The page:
We Indians adapt to change quickly. The infrastructure to move to cashless transactions is already in place and doing so will bring costs down and benefit the economy.

Real estate is the kingpin of black money generation and the fall in property rates is an indicator of the positive result of this move.

The war against black money is mighty real and ongoing and we should not relent on this initiative. There is a sea-change in telecommunications and well built infrastructure that can be tapped into for delivering financial services and reduce cash transactions to the bare minimum.

Freedom of speech does not mean always criticising. In a small religious town in Gujarat the bank manager was standing outside the bank, announcing to the public to be calm, quiet and assuring them that everyone would get many. Local good samaritans offered food, drunks and set up a shamiana to protect them from the scorching heat – it was like a celebration not melee.

Some businesses may have seen reduced footfalls, but there is hope of a better future. They should be acquainted with alternative modes of transactions. The government can offer the poor loans at very low rates of interest, based on the trade turnover, reflected by cashless routing and the intention of Aadhar and Jan Dhan Yojana can be translated into action

The demonetisation was well-timed with the post-Diwali fever. Let it light hopes of an economic revolution. – Seetha

Child safety

This is very sad and horrifying (“Navi Mumbai: 10-month-old baby brutally assaulted on first day at playschool”). I am not going to send my kid to any day care henceforth. In this incident, the owner seems to be as responsible as the caretaker who assaulted the child in that she should have conducted stringent background checks on her employees, trained them and warned them of the consequences of such actions. I had faced a similar situation at a day care in Thane, which charged Rs 7,000 per month. My wife eventually had to quit her job to look after our kid at home. One loses trust – can we take chances when it comes to our children? – Chandan

Sneak peak

Your review is reasonably well written as most things on Scroll.in are, but suffers from the infirmity that afflicts most Indian reviews – an avoidable pomposity of a know-it-all and interminable length (“Film review: ‘Dear Zindagi’ finds Alia Bhatt at the top of her game as a woman with a restless heart”). Reviews do not dictate a moviegoer’s decision to see or not see a movie so it is better that it be written with wit and humour. Unless of course the subject of the movie is so lugubrious and portentous that persiflage would seem sacrilege. – Narendra Nair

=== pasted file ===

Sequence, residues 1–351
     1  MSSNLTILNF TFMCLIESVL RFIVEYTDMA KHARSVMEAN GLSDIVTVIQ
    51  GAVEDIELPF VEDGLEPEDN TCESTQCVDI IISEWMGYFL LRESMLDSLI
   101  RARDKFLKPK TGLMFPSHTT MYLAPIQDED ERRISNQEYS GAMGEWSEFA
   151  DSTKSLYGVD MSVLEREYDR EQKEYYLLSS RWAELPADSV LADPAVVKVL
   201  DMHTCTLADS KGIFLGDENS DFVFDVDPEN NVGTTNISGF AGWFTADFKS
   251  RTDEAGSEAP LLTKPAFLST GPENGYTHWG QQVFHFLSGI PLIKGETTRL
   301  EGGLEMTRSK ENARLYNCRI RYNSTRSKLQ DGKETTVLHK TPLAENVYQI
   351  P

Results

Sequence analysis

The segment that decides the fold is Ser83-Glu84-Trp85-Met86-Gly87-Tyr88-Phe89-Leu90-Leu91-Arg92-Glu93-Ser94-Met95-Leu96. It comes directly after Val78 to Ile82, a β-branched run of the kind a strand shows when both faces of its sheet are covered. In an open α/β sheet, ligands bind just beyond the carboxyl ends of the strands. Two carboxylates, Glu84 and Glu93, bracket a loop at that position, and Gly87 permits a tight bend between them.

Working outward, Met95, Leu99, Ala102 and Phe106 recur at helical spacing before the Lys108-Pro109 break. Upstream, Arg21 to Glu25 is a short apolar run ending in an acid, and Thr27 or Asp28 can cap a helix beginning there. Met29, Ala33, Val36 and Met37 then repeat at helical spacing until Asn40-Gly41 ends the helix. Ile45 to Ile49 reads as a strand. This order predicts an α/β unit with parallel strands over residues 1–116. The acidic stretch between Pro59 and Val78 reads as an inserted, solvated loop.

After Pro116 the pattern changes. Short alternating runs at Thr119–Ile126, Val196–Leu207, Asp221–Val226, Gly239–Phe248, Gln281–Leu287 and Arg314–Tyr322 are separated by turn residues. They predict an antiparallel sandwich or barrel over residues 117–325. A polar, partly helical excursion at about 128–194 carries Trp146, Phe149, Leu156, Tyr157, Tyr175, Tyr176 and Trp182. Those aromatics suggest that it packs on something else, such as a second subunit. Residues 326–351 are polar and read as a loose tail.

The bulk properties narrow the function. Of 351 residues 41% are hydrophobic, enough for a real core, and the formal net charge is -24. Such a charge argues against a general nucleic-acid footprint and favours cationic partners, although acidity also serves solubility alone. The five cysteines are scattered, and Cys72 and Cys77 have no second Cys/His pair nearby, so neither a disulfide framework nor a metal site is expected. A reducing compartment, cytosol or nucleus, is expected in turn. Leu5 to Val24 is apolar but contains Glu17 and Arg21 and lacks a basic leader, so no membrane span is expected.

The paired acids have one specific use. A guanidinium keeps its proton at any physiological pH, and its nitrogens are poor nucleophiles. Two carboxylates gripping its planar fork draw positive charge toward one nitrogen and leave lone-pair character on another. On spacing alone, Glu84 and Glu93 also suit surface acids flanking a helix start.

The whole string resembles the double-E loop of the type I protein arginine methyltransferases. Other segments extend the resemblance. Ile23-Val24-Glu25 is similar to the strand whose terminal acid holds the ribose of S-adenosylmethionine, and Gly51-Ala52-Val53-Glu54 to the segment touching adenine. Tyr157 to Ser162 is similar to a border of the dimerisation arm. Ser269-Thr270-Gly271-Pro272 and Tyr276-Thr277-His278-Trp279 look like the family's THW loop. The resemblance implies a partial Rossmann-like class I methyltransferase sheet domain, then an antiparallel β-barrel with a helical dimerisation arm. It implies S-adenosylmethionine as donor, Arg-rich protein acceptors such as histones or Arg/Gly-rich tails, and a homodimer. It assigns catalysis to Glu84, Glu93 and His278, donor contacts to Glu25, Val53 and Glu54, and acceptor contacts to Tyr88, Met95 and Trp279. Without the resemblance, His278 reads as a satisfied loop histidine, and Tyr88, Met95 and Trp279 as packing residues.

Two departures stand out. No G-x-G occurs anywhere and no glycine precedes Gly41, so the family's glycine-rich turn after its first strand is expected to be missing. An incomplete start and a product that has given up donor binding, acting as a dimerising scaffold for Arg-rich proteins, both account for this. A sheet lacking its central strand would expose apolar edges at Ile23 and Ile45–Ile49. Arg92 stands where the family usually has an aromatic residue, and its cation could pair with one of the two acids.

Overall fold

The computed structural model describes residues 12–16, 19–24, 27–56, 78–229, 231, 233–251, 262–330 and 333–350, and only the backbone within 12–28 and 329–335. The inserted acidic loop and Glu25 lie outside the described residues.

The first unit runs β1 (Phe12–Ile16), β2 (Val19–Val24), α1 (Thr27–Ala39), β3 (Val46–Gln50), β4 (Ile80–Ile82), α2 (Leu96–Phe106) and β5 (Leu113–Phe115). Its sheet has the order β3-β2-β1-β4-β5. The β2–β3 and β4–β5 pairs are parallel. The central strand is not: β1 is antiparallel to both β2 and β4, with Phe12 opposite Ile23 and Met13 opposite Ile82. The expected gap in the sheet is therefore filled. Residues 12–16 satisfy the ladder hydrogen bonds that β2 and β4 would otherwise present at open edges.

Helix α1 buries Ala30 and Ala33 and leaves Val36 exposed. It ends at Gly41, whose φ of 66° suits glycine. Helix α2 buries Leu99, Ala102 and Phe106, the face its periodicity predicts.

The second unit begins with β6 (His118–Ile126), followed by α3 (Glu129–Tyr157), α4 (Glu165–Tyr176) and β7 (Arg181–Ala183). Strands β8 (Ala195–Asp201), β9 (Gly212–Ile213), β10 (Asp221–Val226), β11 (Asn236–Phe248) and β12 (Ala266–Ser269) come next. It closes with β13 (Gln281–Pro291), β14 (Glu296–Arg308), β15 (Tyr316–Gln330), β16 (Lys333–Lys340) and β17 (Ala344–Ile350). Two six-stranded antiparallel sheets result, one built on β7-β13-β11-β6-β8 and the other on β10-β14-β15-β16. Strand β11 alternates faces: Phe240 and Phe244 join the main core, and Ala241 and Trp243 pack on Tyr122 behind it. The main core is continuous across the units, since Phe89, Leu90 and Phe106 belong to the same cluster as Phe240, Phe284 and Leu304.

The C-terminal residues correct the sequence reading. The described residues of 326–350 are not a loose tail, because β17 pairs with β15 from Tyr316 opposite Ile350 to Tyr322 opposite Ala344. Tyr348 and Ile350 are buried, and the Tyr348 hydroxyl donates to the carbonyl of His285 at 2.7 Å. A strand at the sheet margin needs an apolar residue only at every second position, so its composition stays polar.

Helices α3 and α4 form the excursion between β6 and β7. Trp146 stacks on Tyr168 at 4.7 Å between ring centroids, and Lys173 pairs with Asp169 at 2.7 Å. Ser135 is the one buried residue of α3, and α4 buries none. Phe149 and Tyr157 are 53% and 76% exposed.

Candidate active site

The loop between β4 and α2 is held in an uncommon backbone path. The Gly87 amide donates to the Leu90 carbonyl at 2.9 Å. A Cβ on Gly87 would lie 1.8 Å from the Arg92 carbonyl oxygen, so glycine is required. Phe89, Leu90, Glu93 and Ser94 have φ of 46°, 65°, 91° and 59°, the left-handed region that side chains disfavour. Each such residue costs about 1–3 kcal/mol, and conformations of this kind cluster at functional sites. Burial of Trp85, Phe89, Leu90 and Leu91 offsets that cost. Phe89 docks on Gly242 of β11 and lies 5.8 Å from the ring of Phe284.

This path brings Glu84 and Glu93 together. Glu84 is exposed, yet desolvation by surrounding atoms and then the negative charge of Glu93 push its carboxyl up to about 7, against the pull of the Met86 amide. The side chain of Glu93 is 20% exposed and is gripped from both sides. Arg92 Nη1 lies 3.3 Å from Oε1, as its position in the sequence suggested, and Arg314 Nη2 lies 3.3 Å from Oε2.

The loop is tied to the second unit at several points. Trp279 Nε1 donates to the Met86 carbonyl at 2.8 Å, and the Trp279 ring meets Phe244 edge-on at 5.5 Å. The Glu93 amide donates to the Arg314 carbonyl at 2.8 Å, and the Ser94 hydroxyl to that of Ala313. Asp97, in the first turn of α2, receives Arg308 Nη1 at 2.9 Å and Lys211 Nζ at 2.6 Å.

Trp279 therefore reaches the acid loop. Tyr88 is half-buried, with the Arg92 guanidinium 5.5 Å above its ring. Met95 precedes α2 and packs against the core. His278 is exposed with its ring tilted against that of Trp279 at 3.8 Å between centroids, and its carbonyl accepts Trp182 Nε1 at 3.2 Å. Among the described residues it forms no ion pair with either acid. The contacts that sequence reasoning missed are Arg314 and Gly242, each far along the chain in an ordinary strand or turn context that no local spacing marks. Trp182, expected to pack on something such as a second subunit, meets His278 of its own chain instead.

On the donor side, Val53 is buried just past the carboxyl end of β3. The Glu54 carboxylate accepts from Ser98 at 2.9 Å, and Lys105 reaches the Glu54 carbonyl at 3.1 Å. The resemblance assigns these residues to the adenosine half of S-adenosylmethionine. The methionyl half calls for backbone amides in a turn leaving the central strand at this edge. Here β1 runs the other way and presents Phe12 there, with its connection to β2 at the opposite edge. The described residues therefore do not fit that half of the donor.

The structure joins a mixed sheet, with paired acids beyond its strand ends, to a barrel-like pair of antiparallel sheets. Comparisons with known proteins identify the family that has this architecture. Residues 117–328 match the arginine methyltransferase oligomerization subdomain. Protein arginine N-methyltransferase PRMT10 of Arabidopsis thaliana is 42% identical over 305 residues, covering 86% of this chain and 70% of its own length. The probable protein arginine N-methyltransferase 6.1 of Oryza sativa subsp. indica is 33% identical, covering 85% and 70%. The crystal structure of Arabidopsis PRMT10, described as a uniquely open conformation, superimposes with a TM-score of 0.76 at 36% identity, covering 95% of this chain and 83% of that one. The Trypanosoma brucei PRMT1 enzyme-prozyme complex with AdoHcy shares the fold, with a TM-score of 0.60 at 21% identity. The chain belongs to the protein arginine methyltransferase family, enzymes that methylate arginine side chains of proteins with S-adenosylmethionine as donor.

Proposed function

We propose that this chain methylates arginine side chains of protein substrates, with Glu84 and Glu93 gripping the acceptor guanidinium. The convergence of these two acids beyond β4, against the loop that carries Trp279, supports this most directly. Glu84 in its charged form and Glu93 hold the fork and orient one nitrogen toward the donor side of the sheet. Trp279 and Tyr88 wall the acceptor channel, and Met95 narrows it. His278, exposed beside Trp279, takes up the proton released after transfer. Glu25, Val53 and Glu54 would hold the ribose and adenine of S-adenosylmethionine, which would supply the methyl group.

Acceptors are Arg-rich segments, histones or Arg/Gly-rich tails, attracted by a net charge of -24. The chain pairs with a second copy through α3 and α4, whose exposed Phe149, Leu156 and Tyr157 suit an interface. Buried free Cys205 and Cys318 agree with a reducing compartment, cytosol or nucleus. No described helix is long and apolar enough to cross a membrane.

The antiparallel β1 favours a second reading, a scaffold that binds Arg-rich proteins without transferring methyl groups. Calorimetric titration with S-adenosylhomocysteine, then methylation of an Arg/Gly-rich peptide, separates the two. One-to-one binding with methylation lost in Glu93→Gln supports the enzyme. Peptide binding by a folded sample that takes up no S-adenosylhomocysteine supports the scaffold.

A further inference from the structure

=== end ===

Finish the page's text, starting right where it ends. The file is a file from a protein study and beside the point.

Animal planet

These are not students, they are murderers (“As medical students stab and burn a monkey in Vellore, activists demand stricter animal welfare laws”). Allowing them to continue their education and letting them lose on an unsuspecting public is unpardonable. They should be immediately rusticated and sent to jail. College is not the place for murderers, prison is. – MR Satyanarayana

Tale of two countries

This article articulates all that I have been feeling over the last couple of years (“Preparing for the Trump era: What India’s Modi years can teach the US”). For someone who has believed she grew up in a very open, inclusive, diverse country that celebrated differences, seeing Modi come to power with a coterie of followers and supporters – some of whom were my friends and who now defended him, spoke of economic progress and asked me why I cared when it wouldn’t affect me anyway – was very horrible and shocking.

But, I didn’t feel the effects of the Modi government for the last two years, because I had a new place to call home: New York City. If India was multi-ethnic, multi-religious, secular and liberal, New York was infinitely more so. And then this happened. Donald Trump. What saddens me is the outrage that has been immediately exhibited in New York. They cannot believe it. Times Square has erupted in protests. Everyone I meet has the same shocked expression. The city is quieter, still recovering. Why does it sadden me? Because while I am bolstered by this extreme resistance in the US, I have not yet found it in India, not even among all friends and family.

In a country so far away from home, Scroll.in reaches me as a lone voice clamouring for equality, not dubbing liberalism as a farce or secularism as a futile exercise. I don’t expect to agree with everything that you write, in fact, I would be alarmed if I did. But as long as I can find a well-written piece of journalism, that is well-researched, incisive and thought-provoking, I will be back for more.

This was a particularly well written piece by Harsh Mander. I’m excited to follow his work! – Aquila